Church not only demolition in Sudan capital: Commissioner
The Commissioner of Jebel Awliya locality has denied that the demolition of the church building in south-east Khartoum earlier this month is part of a discrimination campaign against Christians.
The recent actions of the authorities to purge the Soba El Aradi district of illegal buildings did not affect the Sudanese Church of Christ alone, Commissioner Jalaleldin El Sheikh El Tayeb said in a press statement on Thursday.
He strongly denied that the demolition of a church building in Soba Aradi targeted Christians, and pointed to the decision of the Khartoum state Land Department in 2012 to remove all illegal buildings in Soba Aradi.
Other religious and educational institutions are affected as well, he said. The removal order included 12 mosques and Koran schools, three churches, and two schools.
According to the commissioner, the authorities have planned a housing project for more than 7,000 people in Soba Aradi.
On Sunday 7 May, police and the Khartoum Land Protection forces, backed by security agents, arrived at the church of the Sudanese Church of Christ in the Soba Aradi district with bulldozers.
The security agents held two pastors for several hours. “They were only released after they forcibly signed a pledge not to photograph the site after the demolition of the church,” lawyer Dimas James Marajan told Radio Dabanga.
“The action is entirely illegal and unconstitutional. It was carried out without prior notification or a removal order by the Ministry of Physical Planning in Khartoum State, which is the body responsible for such decisions,” the lawyer said.
The US Chargé d'Affaires ad interim visited the site of the church a few days after it was bulldozed to rubble. He expressed the hope that this was “an isolated incident”, and called for “a speedy inquiry”.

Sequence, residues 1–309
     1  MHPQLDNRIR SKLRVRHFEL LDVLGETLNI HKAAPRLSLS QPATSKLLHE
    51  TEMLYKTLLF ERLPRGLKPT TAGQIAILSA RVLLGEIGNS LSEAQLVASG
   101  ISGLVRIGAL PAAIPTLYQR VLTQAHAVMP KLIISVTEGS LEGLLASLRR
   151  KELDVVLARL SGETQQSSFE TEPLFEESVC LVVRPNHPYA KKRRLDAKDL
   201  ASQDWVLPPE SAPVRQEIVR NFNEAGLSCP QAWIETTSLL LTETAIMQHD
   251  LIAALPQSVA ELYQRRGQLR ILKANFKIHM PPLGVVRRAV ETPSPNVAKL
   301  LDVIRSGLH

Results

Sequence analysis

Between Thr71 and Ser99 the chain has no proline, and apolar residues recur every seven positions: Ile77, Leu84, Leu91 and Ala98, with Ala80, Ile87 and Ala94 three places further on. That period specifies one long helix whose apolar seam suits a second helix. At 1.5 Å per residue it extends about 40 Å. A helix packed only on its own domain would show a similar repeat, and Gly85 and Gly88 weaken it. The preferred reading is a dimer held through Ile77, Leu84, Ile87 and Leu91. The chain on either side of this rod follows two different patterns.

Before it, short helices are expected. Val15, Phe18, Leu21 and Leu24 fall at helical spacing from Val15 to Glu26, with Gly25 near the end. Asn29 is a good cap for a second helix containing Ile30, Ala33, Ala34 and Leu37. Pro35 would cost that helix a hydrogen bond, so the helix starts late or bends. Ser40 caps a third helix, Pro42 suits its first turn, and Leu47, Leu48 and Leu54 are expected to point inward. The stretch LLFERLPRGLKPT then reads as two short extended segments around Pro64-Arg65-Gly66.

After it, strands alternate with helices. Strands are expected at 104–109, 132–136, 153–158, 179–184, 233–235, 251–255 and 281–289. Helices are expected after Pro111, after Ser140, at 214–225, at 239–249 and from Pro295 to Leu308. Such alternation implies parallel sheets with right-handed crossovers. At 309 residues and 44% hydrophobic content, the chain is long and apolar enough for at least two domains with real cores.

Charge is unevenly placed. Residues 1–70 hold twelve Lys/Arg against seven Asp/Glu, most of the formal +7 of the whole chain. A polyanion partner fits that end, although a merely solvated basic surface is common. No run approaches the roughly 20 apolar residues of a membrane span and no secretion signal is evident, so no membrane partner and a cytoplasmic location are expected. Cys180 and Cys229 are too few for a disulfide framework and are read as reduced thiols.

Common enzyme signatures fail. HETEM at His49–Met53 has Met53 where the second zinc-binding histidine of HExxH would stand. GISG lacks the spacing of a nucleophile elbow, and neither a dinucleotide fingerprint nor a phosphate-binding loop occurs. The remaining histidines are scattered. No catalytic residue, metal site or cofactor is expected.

After the secession of South Sudan in July 2011, President Omar Al Bashir vowed to adopt a stricter version of the Sharia (Islamic law). Reports of persecution of Christians in Sudan increased. The Sudanese Minister of Guidance and Endowments announced in April 2013 that no new licenses would be granted to build new churches in the country, pointing to the return of many mainly Christian South Sudanese refugees to their own country.
The Sudan Democracy First Group stated in a recent report about the growing discrimination against Christians in the country that “An additional layer of discrimination becomes visible, when taking into account that large proportions of Sudanese Christians are originating from the conflict zones in the Nuba Mountains. Security forces have thereby additionally labelled their religious communities as a security threat.”
Sudan’s treatment of Christians and other human rights violations saw it designated a Country of Particular Concern by the US State Department since 1999, and the US Commission on International Religious Freedom recommended the country remain on the list in its 2015 report.
Back to overview